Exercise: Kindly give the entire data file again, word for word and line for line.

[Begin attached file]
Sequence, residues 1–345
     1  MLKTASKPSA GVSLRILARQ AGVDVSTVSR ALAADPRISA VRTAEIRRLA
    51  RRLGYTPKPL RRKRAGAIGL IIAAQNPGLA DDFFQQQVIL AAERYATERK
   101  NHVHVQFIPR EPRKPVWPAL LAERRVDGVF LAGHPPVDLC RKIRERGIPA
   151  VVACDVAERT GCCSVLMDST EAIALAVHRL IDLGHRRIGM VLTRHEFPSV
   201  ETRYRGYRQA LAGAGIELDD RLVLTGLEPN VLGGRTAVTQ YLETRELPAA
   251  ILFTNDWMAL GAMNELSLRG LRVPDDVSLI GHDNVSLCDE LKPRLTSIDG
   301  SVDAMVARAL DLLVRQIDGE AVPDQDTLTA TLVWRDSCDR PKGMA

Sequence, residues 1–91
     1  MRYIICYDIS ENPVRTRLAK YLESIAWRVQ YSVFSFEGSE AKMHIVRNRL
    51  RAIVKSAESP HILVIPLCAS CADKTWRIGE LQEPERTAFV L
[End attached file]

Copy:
Sequence, residues 1–345
     1  MLKTASKPSA GVSLRILARQ AGVDVSTVSR ALAADPRISA VRTAEIRRLA
    51  RRLGYTPKPL RRKRAGAIGL IIAAQNPGLA DDFFQQQVIL AAERYATERK
   101  NHVHVQFIPR EPRKPVWPAL LAERRVDGVF LAGHPPVDLC RKIRERGIPA
   151  VVACDVAERT GCCSVLMDST EAIALAVHRL IDLGHRRIGM VLTRHEFPSV
   201  ETRYRGYRQA LAGAGIELDD RLVLTGLEPN VLGGRTAVTQ YLETRELPAA
   251  ILFTNDWMAL GAMNELSLRG LRVPDDVSLI GHDNVSLCDE LKPRLTSIDG
   301  SVDAMVARAL DLLVRQIDGE AVPDQDTLTA TLVWRDSCDR PKGMA

Sequence, residues 1–91
     1  MRYIICYDIS ENPVRTRLAK YLESIAWRVQ YSVFSFEGSE AKMHIVRNRL
    51  RAIVKSAESP HILVIPLCAS CADKTWRIGE LQEPERTAFV L